Trost and Levine Take to the Air, Toe the Party Line

(The following is being syndicated from The Captain’s Blog).

Two of the most influential members of the Yankees’ front office took to the airwaves this morning to promote the upcoming Pinstripe Bowl, and not surprisingly, each interview touched on the team’s offseason plans. President Randy Levine, who was a guest on FOX 5’s Good Day New York, and COO Lonn Trost, who appeared on WFAN’s Boomer and Carton morning radio show (hosted by Kim Jones and Chris Carlin), each fielded several questions about what the Yankees are doing, or not doing, and their responses suggested the organization has a coherent party line.

Randy Levine (l) and Lonn Trost (r) flank Derek Jeter during a ceremony honoring his 3,000th hit. (Photo: Getty Images)

Responding to the question about whether the team’s spending philosophy has changed, Trost dismissed the idea that the Yankees were being more cautious, but stated that the team was trying to be smarter. According to Trost, the Yankees do not believe the dollars being spent in the current market are commensurate with the abilities of the players available, putting the organization in a position to depend on its minor league system. In particular, Trost cited Manny Banuelos, Dellin BetancesHector NoesiJesus Montero, and Austin Romine as prospects that could make an impact next season. He also suggested that because of the team’s high expectations for those players, there hasn’t been a need to overspend as in the past.

Levine’s segment on GDNY was much shorter than Trost’s appearance on WFAN, and the hosts didn’t have the same sports background as Jones and Carlin, but there were several pointed questions about the Yankees’ winter designs. When asked about the team’s need of pitching, Levine responded that the organization was always looking to get better and that if an opportunity presented itself, Brian Cashman would be on it. Levine also touched on the Yankees’ potential interest in Cuban outfielder Yoenis Cespedes, stating that it was in the best interest of the organization to keep their level of involvement a secret.

Although the substance of each interview was different, Trost’s and Levine’s tone suggested that team’s inactivity was more about waiting for the right target than not wanting to spend. However, in what appeared to be a throwaway line, Levine’s remark about secrecy regarding Cespedes may have been telling. Considering the propensity of agents to use the Yankees’ financial strength as leverage, often times against themselves, it’s easy to see why the team would promote the idea that its free spending days are a thing of the past. After all, if the Yankees really had no intention to spend this offseason, what advantage would be gained by letting everyone know? Not only might that disclosure save a competitor some money, but it could alienate some fans and tarnish the Yankees’ image.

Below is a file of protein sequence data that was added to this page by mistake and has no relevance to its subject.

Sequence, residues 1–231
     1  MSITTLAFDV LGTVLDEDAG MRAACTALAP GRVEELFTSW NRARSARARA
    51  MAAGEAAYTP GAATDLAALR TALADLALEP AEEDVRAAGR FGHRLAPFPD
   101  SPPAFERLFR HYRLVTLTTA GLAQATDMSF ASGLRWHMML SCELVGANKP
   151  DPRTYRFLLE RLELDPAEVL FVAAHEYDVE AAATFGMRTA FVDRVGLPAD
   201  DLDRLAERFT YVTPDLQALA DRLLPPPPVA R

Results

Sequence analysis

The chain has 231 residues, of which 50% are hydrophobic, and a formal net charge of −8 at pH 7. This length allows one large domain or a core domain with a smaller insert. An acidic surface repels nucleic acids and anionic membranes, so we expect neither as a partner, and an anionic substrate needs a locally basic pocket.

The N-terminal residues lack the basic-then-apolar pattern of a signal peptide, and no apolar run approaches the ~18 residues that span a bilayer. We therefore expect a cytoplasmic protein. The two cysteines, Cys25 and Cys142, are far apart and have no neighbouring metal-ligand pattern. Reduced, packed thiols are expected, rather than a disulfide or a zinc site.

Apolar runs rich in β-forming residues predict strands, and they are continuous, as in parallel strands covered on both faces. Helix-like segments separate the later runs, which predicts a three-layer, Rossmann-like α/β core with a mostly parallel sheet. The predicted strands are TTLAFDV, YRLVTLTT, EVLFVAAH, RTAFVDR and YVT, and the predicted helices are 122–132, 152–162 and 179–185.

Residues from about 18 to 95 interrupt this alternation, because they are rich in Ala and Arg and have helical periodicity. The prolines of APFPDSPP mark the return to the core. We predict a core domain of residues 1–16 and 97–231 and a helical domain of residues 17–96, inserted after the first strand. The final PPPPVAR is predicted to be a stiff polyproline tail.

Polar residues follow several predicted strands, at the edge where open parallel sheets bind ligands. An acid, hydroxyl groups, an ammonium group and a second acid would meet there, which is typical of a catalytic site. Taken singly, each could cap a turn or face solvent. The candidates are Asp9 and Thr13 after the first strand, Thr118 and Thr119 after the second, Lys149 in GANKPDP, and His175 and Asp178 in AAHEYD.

No new ground was broken in either interview, but the sentiments expressed by both men suggest that the Yankees have a coherent game plan based on their evaluation of internal prospects and players available on both the free agent and trade markets. Granted, some fans will continue to read into these comments that the Yankees simply do not want to spend money, but in reality, it just seems like they haven’t found anyone they want to spend it on.

18 thoughts on “Trost and Levine Take to the Air, Toe the Party Line

  1. There’s not much difference between the Yankees simply not wanting to spend money vs. not having found anyone they want to spend it on. Top free agents tend to be overpriced. So, not overpaying more-or-less equates to not signing the top free agents. The one I regret most is Yu Darvish.

    • There’s a big difference. For an illustration, just look at all the teams who really want a particular player, but can’t afford him. The Yankees have not become one of those teams.

        • Not sure how you come to that conclusion, unless you think the Yankees should pay an unlimited price for anyone they like, even if it’s only minor interest. This off season, I don’t think the Yankees had to restrain themselves from overspending. Based on the players available, I think they were very comfortable letting other teams take on the risk at what seems like inflated prices.

      • “Can’t afford” is sort of what we’re seeing here though, if the so-called austerity plan of 2014 is already in effect.

        We have no way of knowing what is the motivation or the driving force behind the Yankees’ reluctance to spend this winter (or at the 2010 deadline) but if it is a desire to curb payroll then that means they “can’t afford” to add new players because they’re up against a budget.

  2. That thing about the Yankees not wanting to save competitors some money only works if the Yankees really don’t plan to do any free agent signing for a long time. If they let people know they’re not in the market, it could bring the market prices down, which would help the Yankees in the long run, if they really were only out of the market temporarily.

    • I don’t see how that could be true.

      First, there’s no way for the Yankees to “let people know they’re not in the market” other than by quite simply not bidding on players. That’s what this winter has been about and it hasn’t dampened prices any.

      Second, even if the Yankees were to remain out of the market for an indefinite period of time, I still don’t see how that would affect prices given how the Yankees are no longer the sole financial superpower in the game. The Yanks may be richer than Boston, Chicago, Anaheim, Texas et. al. but that doesn’t mean these teams lack the financial wherewithal to compete very heavily in the free agent market. Texas’s and Anaheim’s spending over the past two winters should prove that.